Earlier this year, I wrote a blog post for JAMA News Forum on the role of health professionals in educating the public about state health exchanges. This week, someone asked me whether health professionals who oppose “Obamacare” should have to tell their patients and the public about the exchanges and whether they should be able to voice their opposition to the law.
My answer is: It depends.
A recent survey of physicians by LocumTenens.com, an online job site for physicians, physician assistants and advanced practice nurses revealed that the physicians are not knowledgeable about the state exchanges. In my conversations with physicians and nurses, I’ve found that both groups are woefully uninformed about what’s in the ACA. If the practitioner doesn’t know what’s in the law, then what is the opposition based upon? If someone who opposes the law is truly knowledgeable about what’s in it, how it’s being implemented and what the pros and cons are for the public’s health, then perhaps.
But first and foremost, all health professionals have an ethical responsibility to inform their uninsured patients about the opportunities for obtaining health care coverage. How could you ethically not tell an uninsured patient who has been unable to afford the surgery he needs or get an important diagnostic test that he could qualify for subsidized coverage through a state or federal exchange?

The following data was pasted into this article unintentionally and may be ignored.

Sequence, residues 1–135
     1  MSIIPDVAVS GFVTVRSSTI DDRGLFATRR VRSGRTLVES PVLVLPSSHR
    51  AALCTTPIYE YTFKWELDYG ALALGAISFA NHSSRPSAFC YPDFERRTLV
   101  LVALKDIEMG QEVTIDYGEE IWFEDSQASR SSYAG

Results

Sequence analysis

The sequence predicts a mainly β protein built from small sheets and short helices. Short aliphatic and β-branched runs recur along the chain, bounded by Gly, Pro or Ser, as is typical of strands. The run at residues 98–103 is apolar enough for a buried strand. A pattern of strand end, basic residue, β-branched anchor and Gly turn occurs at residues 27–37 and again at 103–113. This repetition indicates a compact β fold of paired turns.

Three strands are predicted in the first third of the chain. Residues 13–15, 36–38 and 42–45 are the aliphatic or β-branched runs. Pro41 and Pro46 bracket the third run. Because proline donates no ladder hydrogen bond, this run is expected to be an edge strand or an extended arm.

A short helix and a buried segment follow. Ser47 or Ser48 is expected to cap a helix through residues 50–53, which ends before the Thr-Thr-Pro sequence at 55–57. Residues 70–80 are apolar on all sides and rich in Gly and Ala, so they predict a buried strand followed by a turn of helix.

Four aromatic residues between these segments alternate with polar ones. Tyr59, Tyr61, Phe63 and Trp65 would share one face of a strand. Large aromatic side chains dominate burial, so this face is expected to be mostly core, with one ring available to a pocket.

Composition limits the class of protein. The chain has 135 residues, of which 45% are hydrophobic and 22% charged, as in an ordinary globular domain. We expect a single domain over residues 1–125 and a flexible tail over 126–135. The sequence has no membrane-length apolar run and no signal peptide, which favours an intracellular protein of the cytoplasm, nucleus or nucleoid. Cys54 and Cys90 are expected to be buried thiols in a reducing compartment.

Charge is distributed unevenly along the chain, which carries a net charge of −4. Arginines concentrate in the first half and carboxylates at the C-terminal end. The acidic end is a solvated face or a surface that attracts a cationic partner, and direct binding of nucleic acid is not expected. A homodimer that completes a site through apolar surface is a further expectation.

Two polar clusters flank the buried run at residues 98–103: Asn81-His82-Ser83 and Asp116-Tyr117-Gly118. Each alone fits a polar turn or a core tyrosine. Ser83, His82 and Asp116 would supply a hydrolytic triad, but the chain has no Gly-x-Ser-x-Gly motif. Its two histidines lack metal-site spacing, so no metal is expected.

In future posts on HealthCetera, I and others will be sharing information to inform the public–and health professionals–about the state health exchanges. We’ve been reporting on the Affordable Care Act since Congress debated the original legislation. Now we’re moving on to its implementation. Since the state and federal health exchanges are expected to begin to enroll people by October 1, 2013, and for coverage to start by January 1, 2014, I’ll be focusing mostly on the health exchanges.
For now, read my JAMA blog post that includes what health professionals should, at minimum, say to patients and the public about the exchanges, using messages developed by focus groups and surveys. And then read today’s Kaiser Health News piece by staff writer Julie Appleby that describes how the premiums and subsidies will work for the exchanges. She interviews Cathy Livingston, a partner with Jones Day in Washington, D.C., who is an expert in the legal aspects of the ACA.
I’m sure there will be glitches in implementation of this phase of the law, but the promise of providing many of today’s uninsured people with health insurance is worth spreading the word.
Diana J. Mason, PhD, RN, FAAN, Rudin Professor of Nursing